Nasseri described how the re-election of Iranian President Hassan Rouhani in May constituted a statement from the Iranian electorate that they would prefer to see a continuation of the nuclear deal, negotiated in Rouhani’s first term, on the premise of continued international engagement for Iran. While re-election gave Rouhani a public mandate to continue his work toward preserving the nuclear deal, Khamenei’s enmity toward Washington, used as a rallying cry for fellow hardliners, will rob Rouhani of political support, said Maloney. According to Eizenstat, “it’s very important to bolster the Rouhani regime against those who never liked the JCPOA and will look for ways to back out of it.”
While the Trump administration’s review of the deal was a concerted effort to find ways to improve upon the deal and better enforce its strictures, Maloney said, “there is a fundamental perception shared at high levels in the administration that we can’t fix the problem of Iran with this carrot-and-stick approach.” Ultimately, according to Maloney, “what we need Is not a constructive change in some areas of behavior, but we need a fundamental change in the nature of the regime.”
She said that the notion of a US-imposed regime change in Iran is not a serious policy as yet, “but I don’t think it’s off the table.”
With Trump’s Iran policy as yet undefined, “the EU has an even more important role to play,” said Eizenstat. On June 13, European Union (EU) foreign policy chief, Federica Mogherini, expressed her confidence that the United States will maintain the nuclear deal, despite Trump’s rhetoric. She added that even if the United States walks away, the EU will not.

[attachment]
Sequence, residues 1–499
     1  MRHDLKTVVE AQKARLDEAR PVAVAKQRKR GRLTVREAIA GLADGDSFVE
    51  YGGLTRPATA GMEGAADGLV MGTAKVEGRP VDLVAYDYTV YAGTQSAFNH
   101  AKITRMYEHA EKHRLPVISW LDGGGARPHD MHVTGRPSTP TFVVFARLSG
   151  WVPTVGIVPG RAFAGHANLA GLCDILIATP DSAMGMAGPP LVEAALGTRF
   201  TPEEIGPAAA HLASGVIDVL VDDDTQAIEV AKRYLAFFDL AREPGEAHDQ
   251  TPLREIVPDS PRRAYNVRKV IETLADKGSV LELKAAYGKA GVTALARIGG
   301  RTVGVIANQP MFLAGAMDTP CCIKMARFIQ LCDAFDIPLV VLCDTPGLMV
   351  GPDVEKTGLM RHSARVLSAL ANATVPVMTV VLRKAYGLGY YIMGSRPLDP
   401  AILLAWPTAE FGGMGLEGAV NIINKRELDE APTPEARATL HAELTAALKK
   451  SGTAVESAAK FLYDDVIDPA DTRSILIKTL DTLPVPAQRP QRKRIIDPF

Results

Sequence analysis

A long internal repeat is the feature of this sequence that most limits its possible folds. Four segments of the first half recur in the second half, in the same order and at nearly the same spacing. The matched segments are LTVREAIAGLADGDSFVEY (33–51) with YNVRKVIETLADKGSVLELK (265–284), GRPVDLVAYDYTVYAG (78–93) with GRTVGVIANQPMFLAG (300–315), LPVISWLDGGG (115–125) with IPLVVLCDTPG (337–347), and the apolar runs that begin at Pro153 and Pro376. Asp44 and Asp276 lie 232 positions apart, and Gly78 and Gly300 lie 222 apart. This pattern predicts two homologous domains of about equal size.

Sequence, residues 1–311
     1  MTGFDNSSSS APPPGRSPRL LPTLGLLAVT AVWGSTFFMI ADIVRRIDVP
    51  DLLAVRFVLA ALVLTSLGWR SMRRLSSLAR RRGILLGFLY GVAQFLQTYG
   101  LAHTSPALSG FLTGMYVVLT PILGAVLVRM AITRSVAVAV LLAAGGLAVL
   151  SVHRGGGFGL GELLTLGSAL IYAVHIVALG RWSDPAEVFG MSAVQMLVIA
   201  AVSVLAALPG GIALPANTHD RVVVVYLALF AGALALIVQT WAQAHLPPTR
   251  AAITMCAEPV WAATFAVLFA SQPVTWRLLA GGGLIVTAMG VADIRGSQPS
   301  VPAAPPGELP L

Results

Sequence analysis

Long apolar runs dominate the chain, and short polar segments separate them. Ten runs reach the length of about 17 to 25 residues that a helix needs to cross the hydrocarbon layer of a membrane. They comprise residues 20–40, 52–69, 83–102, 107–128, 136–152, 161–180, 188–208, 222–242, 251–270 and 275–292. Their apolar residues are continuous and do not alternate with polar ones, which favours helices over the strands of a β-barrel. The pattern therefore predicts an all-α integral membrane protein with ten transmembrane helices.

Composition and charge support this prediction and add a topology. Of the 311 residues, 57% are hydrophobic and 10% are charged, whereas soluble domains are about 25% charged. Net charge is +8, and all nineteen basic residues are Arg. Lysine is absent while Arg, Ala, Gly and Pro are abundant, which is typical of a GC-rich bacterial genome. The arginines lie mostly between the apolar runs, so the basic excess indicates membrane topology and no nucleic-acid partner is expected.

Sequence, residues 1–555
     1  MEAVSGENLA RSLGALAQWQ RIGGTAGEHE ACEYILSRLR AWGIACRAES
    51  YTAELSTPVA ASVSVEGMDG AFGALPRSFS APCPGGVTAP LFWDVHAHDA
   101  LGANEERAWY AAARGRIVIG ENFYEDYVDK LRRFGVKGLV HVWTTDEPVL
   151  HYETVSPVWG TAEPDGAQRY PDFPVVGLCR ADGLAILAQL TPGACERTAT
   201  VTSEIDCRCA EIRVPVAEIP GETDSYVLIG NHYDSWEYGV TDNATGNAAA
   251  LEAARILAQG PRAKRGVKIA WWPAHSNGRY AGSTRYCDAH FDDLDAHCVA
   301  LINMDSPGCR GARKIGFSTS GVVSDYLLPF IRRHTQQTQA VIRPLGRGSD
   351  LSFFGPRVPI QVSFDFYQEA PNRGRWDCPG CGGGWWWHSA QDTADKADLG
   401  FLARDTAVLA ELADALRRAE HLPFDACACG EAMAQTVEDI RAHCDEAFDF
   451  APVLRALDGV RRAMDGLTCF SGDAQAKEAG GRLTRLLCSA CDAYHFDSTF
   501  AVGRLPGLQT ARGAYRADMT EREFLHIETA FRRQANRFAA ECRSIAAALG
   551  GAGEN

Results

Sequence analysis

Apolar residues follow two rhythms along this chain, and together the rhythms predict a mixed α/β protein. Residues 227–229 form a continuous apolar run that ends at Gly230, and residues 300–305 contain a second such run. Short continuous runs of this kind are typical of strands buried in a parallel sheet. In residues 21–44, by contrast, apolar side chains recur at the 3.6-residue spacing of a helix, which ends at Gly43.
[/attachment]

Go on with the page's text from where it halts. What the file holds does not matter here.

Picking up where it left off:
While “everybody in the European Union prioritizes their relationship with the United States over their relationship with Iran,” according to Marashi, “we’re going to test the veracity of transatlantic relations with this policy on Iran.”
“If they see that the United States is hell-bent on destabilizing Iran…. I think you could see Europe unified [against] that position and you could have Russia and China join them,” said Handjani.
Ultimately, “the JCPOA is serving our [US] interests now, and as long as the parties continue to adhere, it’s a strong basis” for further negotiations, Thomas Pickering, a former under secretary of state for political affairs, said in a later panel. Eizenstat advised that the administration not take the JCPOA as a standalone agreement, but “build on that by finding ways to encourage [Iran] to join the nuclear technology regime.”
On the basis of the existing agreement, the EU has met with Iran to discuss the advancement of nuclear safety in the country, said Kelsey Davenport, director of the Nonproliferation Program at the Arms Control Association, who joined Pickering in a panel discussion. “This is a very positive development,” she added.
Since the passing of the deal, “Iran has not taken a lot of steps that responsible civil nuclear stakeholders at the state level are expected to take,” she said. This reality has contributed to Trump’s criticism of the agreement. “There’s more that can be done,” according to Davenport.
She recommended steps such as deepening Iran’s involvement in and cooperation with multilateral organizations, namely the International Atomic Energy Agency (IAEA) and the Global Initiative to Combat Nuclear Terrorism. Tehran’s positive engagement with these groups would be a “demonstration that Iran is committed to a safe program… and that it’s willing to work with other states in the region and international community to achieve these goals.”
Despite the rhetoric from both governments, Pickering is confident that the relationship between the United States and Iran can improve, and cautioned against the idea of regime change. “It’s time for real thinking,” he said.
Rachel Ansley is an editorial assistant at the Atlantic Council.